public bool Discontinued { get; set; }

    public virtual Category Category { get; set; }
    public virtual ICollection<Order_Detail> Order_Details { get; set; }
    public virtual Supplier Supplier { get; set; }

Here is my additional partial class under the same namespace of my Product class :

public partial class Product {

    private class MetaData {

            AdditionalFields = "Category_ID",
            ErrorMessage = "Product name already exists under the chosen category. Please enter a different product name.",
            HttpMethod = "POST"
        public string Product_Name { get; set; }
        public int? Supplier_ID { get; set; }

        public int? Category_ID { get; set; }



As you see there, we have decorated Product_Name property with RemoteAttribute. What we need to point out here is AdditionalFields property of RemoteAttribute. Simply we are saying here that : 'Pass Category_ID value to the controller action when you try validate the Product_Name'. So, Ajax Request will send two form inputs to our action : Product_Name and Category_ID. As we have already seen on my previous blog post on ASP.NET MVC Remote Validation, Model Binder will bind those inputs to our action parameters in order to allow us to easily pick them.

Our main goal here is to check the uniqueness of the product name under the chosen category and that’s why we need Category_ID value inside our controller action. Check controller action code below and you will get what I am trying to say :

public JsonResult doesProductNameExistUnderCategory(int? Category_ID, string Product_Name) {

    var model = _entities.Products.Where(x => (Category_ID.HasValue) ? 
            (x.Category_ID == Category_ID && x.Product_Name == Product_Name) : 
            (x.Product_Name == Product_Name)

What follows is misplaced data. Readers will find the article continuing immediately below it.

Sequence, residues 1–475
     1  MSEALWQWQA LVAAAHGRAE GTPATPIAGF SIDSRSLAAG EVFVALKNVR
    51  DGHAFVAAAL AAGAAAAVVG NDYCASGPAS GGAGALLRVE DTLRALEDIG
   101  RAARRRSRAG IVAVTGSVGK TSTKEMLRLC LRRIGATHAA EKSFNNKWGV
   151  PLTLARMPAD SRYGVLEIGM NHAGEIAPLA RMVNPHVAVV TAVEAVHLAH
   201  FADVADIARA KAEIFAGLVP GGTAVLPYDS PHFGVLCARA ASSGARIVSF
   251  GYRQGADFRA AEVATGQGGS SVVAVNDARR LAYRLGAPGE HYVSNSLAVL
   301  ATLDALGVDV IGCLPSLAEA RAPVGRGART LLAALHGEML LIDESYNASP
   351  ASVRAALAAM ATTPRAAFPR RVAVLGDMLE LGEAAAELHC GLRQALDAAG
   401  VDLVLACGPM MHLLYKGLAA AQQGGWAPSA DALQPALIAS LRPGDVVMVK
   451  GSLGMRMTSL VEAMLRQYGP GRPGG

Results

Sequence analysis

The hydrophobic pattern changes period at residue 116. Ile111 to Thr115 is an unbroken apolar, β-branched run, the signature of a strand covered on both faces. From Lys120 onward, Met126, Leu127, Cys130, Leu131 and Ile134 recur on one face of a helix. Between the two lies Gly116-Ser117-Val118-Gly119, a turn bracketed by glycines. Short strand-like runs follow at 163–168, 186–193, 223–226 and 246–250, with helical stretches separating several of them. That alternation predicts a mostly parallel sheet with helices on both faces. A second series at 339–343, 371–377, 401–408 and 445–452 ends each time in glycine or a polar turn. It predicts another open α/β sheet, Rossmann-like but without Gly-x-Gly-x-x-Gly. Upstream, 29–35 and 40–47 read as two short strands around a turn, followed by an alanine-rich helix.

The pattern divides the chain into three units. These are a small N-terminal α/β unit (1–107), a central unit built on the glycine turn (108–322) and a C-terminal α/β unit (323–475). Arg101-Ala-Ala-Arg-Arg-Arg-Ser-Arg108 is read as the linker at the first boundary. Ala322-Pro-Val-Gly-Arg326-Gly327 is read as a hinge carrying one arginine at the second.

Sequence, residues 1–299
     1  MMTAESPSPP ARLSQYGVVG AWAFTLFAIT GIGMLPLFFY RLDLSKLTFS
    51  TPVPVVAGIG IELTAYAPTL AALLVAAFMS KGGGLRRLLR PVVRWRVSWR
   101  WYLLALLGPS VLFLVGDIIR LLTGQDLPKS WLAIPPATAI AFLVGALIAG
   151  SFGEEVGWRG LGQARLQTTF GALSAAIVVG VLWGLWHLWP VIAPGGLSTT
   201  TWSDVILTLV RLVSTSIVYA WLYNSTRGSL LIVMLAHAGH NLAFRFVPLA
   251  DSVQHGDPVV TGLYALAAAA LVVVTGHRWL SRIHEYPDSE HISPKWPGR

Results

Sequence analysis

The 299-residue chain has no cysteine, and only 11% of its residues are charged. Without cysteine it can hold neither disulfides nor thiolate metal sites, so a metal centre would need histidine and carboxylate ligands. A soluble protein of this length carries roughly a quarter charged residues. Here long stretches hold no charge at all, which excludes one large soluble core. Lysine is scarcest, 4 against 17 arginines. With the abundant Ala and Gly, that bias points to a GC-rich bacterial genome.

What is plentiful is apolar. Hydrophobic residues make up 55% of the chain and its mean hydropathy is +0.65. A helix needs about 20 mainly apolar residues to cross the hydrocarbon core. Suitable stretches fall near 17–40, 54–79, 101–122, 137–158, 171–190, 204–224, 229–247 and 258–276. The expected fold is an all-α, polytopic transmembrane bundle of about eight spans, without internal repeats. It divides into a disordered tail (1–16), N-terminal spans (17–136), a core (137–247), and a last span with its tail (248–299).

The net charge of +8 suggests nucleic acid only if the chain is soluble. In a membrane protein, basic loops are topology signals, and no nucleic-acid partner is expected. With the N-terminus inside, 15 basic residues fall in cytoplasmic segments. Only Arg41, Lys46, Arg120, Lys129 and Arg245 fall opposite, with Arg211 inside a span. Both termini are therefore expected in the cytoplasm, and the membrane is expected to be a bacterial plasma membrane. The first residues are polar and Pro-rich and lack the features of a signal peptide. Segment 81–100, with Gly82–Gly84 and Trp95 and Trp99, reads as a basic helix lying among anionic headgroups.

return Json(model.Count() == 0);


Inside this action, we are checking if the user name already exists under the chosen category or not. For the real purpose of this blog post, we only need to focus what we are returning here. The other part of this code mostly depends on your application’s business logic.

We are basically done here. I will run the app and see it in action but please firstly see the below screenshot :


This table show the list of products inside our database. On the first row, we see that there is a product named Chai under Category_ID 1 whose Category_Name is Beverages (you don’t see the Category_Name here but don’t worry, just trust me). We will demonstrate our sample with this product values.

First, select the category from the select list :


Then, type Chai for Product_Name :


Then, simply hit Tab key :


All done but I would like to go a little deeper here. Let’s put a break point on doesProductNameExistUnderCategory method and start a debug session.


When we follow the above steps again, we should end up like this :


Let’s look what we got here :


We have all the necessary values to check if the value is legitimate or not.

Again, you can see all of the code from my GitHub Repo :

Hope you enjoy the post Smile